A survey of 2,000 British consumers has shown almost one in five admit to suffering from an ailment due to making the wrong choices when it comes to lighting their homes. Despite this, almost half of adults surveyed said although they felt lighting was a necessity, they also admitted to giving it little thought.
The research, which was undertaken by Ledvance, has highlighted it’s the younger generation who say their health and wellbeing is being more widely impacted by lighting. A third (32.5 per cent) of 16-24 year olds said they have suffered an ailment, such as a seizure, visual problem or migraine due to poor lighting, compared to only one in ten (11.8 per cent) of the over 55s.
The majority of adults (83.4 per cent) feel lighting has some level of impact on a person’s wellbeing, while even more (88.7 per cent) recognise the link between light and mood. However, many are also failing to prioritise light in the home. 41.5 per cent of British adults only make a lightbulb purchase when one needs replacing and only 15.5 per cent remember to buy spares so they aren’t left in the dark. Meanwhile, just 8.5 per cent of adults place importance on changing the lighting at home to provide a more positive impact on their wellbeing.
Dr Vikki Revell, University of Surrey, has over 16 years’ experience on the non-visual effects of light on physiology, behaviour, the circadian clock and sleep patterns. She said: “Despite the Danish ‘hygge’ craze continuing to sweep the nation endorsing the importance of creating a warm and bright atmosphere in the home, Brits still seem to be in the dark about the benefits of light in their lives.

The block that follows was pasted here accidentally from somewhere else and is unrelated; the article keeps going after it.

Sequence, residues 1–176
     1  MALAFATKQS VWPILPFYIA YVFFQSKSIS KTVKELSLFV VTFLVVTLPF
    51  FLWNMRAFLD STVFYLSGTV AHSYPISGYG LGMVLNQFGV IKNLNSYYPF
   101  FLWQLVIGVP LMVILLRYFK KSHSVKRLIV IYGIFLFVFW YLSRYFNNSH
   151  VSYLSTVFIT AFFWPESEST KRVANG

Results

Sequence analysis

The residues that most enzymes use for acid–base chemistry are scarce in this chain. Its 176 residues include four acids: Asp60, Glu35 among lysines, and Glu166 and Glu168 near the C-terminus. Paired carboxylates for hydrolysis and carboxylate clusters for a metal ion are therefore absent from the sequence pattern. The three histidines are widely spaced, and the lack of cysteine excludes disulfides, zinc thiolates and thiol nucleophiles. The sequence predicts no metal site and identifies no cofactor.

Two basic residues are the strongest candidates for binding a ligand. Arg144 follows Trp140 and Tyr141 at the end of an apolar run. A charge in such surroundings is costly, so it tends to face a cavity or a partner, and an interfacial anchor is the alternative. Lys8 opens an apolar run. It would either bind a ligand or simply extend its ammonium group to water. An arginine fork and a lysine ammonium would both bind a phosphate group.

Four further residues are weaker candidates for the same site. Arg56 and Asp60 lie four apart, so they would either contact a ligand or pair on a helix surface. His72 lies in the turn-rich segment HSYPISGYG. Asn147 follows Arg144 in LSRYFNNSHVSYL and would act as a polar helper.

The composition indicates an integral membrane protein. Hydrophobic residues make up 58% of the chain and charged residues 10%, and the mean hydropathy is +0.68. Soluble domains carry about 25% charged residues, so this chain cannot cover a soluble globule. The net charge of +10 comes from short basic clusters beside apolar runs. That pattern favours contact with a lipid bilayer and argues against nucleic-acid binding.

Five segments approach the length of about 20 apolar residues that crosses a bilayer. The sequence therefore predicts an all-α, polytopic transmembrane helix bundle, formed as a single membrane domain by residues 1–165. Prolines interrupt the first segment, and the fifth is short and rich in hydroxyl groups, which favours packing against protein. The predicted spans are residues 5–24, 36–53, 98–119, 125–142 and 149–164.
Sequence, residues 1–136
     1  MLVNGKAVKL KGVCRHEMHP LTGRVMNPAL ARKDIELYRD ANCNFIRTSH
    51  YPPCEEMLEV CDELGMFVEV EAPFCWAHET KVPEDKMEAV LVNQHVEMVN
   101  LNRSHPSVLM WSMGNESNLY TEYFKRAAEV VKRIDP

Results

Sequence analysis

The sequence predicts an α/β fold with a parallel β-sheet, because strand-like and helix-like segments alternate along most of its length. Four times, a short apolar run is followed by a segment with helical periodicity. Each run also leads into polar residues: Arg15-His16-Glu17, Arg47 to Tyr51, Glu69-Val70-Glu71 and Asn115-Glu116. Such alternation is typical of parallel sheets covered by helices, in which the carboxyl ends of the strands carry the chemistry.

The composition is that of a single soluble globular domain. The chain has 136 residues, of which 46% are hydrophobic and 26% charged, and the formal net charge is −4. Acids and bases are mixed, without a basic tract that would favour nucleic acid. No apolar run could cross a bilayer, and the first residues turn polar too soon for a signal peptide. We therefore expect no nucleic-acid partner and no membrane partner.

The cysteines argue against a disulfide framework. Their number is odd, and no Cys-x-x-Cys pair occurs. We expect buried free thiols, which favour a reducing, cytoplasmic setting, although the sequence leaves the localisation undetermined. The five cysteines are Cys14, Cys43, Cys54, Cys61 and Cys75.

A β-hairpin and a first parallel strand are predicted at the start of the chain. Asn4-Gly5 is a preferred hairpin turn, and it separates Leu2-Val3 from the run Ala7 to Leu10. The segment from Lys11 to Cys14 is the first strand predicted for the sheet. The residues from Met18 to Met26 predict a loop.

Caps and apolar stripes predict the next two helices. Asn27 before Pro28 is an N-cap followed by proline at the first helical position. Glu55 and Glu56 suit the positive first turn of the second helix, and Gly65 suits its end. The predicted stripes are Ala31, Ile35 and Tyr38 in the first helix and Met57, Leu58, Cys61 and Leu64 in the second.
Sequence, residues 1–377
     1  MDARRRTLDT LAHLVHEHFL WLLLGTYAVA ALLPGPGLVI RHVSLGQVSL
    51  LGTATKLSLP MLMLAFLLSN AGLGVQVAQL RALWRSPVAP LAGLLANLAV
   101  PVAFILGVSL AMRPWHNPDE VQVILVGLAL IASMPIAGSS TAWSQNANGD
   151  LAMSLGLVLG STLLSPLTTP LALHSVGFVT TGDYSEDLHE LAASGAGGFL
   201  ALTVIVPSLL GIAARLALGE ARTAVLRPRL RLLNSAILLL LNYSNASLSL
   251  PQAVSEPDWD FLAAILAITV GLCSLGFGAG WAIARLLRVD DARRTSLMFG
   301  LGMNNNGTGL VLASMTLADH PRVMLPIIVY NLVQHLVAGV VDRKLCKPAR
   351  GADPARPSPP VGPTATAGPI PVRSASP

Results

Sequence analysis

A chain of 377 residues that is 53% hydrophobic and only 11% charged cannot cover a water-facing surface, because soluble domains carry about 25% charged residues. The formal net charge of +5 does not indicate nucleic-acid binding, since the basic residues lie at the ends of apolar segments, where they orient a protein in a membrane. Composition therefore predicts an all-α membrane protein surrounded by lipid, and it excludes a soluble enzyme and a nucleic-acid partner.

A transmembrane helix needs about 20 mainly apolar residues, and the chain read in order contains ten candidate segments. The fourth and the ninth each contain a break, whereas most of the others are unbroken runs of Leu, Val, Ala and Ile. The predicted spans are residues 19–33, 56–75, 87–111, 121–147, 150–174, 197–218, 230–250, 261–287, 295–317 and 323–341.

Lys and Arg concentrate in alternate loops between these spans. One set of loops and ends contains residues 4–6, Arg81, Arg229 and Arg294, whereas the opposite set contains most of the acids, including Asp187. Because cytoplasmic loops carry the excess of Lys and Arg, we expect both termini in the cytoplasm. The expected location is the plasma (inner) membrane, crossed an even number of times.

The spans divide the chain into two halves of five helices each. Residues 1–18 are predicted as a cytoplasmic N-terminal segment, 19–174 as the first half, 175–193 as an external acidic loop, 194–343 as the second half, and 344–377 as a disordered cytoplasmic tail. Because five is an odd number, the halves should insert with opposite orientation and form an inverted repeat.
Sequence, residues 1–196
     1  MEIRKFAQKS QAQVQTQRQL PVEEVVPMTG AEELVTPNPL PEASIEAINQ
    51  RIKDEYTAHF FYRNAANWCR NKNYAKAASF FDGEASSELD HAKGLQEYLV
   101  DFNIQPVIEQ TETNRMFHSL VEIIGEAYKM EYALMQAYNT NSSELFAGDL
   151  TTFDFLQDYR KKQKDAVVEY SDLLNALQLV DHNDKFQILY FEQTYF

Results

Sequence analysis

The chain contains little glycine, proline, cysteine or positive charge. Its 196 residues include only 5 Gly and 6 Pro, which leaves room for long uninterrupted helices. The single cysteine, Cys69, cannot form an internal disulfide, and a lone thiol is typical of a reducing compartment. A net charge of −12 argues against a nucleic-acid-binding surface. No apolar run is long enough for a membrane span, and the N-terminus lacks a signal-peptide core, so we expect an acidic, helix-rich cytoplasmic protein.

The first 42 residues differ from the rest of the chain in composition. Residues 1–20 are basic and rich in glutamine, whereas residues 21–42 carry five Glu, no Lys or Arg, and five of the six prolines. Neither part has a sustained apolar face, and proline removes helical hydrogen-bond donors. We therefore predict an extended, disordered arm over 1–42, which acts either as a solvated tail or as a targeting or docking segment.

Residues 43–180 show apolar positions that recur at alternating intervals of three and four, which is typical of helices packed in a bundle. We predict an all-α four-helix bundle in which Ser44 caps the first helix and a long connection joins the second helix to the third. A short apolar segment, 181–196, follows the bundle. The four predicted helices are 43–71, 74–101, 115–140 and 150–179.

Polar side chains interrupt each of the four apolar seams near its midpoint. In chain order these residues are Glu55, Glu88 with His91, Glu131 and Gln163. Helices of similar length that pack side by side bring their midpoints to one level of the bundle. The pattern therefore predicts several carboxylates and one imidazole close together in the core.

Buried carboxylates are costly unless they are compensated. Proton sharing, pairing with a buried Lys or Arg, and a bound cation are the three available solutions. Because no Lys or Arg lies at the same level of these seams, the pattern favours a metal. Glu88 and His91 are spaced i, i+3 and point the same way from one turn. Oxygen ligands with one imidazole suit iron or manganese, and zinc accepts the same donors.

“The effect that our lighting environment can have on a person’s health and wellbeing can be dramatic and the absence of a bright, daytime light environment can manifest itself in symptoms such as fatigue and a low mood. Taking steps to consider whether you have the correct lighting in your home may have a marked difference on the way you and indeed the way your whole family may feel.”
Pamela Fossey, National Account Manager, from Ledvance, said: “We spend on average 87 per cent of our time inside; therefore especially in winter there is a real need to think about how we can make the most of the lighting available to us in order to gain the most benefit.
“Light is personal and by making just small tweaks to your lighting can have a big impact on how it could make family members feel. For example, during the day it’s important to be exposed to a sufficient amount of light with a cool colour temperature, such as the light produced by fluorescent lamps or LEDs with a bluish daylight white light colour. Meanwhile in the evening wellbeing can be helped through the use of lamps with a low proportion of blue light. Of course it’s also essential to ensure you spend as much time as possible in natural daylight.”